A microwave attenuation measurement system has been developed to calibrate microwave attenuators from 50 MHz to 26.5 GHz. The system is based on a dual channel audio frequency (AF) substitution method, designed to obtain high precision coherent measurement. The attenuation value is derived from a reference inductive voltage divider (IVD) at 1 kHz. The system is capable of measuring microwave attenuation from 0.001 dB to 110 dB. The expanded system measurement uncertainty (k=2) for a 20 dB attenuator at 5 GHz is estimated to be 0.0014 dB. This paper describes the design and its implementation considerations, as well as the performance evaluation of the system.


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CP_07_11E_1_WU
Picture of the productA Practical System to Evaluate the Non-Linearity of 4TP
Koichi Mitsuo Agilent Technologies International Japan, Ltd.
Non-Linearity characteristics of a commercial four-terminal-pair (4TP) LCR meter can be a contributor to the uncertainty of a 1:1, direct comparison, capacitance measurement. The 4TP capacitance measurement procedure has been previously described in the literature by our organization. This paper will deal with problems encountered when characterizing the LCR meter. Evaluating the LCR meter non-linearity has been a manual process. In addition, the test system construction required many complex connections. An effort was made to improve the manual process by making a special interface fixture. Further improvement to the measurement and data management was realized by adding software automation.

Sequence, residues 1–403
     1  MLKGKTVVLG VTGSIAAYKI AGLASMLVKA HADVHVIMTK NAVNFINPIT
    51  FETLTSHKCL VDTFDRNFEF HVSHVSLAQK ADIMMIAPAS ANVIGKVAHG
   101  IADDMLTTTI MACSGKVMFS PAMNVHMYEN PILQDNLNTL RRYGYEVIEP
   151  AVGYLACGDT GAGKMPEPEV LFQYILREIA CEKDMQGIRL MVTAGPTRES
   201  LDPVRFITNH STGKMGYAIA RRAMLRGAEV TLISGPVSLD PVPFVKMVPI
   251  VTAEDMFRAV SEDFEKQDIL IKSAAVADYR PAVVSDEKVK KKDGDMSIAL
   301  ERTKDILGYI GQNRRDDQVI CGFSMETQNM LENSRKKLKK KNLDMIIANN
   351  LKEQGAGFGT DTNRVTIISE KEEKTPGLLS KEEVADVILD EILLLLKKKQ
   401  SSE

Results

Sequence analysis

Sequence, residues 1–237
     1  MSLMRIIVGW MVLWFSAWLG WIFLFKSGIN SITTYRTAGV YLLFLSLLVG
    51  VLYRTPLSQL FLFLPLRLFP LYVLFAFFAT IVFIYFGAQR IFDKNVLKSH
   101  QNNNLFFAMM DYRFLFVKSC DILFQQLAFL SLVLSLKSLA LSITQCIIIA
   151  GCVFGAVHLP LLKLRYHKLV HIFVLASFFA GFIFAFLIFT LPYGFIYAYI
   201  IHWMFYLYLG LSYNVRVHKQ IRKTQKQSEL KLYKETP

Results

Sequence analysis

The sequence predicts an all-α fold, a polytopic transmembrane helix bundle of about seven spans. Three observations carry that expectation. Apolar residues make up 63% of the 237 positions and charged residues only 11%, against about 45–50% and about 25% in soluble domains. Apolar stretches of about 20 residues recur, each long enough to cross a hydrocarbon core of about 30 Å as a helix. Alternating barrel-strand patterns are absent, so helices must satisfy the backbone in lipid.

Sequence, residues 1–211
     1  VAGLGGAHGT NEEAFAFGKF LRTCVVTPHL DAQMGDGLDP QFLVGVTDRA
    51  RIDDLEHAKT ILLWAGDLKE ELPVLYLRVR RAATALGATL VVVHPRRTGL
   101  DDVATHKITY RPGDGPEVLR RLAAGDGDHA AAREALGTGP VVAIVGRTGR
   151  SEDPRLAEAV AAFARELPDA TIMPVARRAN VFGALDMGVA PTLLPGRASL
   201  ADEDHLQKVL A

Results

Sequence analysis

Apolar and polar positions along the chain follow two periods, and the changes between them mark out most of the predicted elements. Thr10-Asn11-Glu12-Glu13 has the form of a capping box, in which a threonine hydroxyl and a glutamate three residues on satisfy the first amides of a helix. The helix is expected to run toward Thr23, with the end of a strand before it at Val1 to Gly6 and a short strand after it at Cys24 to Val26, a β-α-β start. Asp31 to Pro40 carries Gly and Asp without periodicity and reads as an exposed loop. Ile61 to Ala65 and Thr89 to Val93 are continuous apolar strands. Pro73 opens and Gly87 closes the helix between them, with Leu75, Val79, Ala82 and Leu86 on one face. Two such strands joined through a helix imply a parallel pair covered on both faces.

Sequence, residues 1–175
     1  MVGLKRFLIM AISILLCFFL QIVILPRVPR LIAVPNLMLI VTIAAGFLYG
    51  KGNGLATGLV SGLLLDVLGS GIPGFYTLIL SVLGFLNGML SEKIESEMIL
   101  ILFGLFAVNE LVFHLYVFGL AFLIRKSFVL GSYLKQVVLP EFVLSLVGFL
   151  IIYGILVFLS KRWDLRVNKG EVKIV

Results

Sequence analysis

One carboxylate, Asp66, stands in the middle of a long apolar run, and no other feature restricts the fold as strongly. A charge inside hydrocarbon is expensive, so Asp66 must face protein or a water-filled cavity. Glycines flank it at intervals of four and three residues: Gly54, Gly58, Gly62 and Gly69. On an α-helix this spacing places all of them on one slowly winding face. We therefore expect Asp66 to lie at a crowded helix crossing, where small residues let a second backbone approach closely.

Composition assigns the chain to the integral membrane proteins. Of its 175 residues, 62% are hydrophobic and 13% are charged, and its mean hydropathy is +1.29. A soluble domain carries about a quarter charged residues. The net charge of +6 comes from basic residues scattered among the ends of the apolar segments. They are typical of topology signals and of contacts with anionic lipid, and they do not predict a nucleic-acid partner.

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CP_07_7F_2_MITS
Picture of the productA Quality Calibration System
Jay L. Bucher, Promega Corporation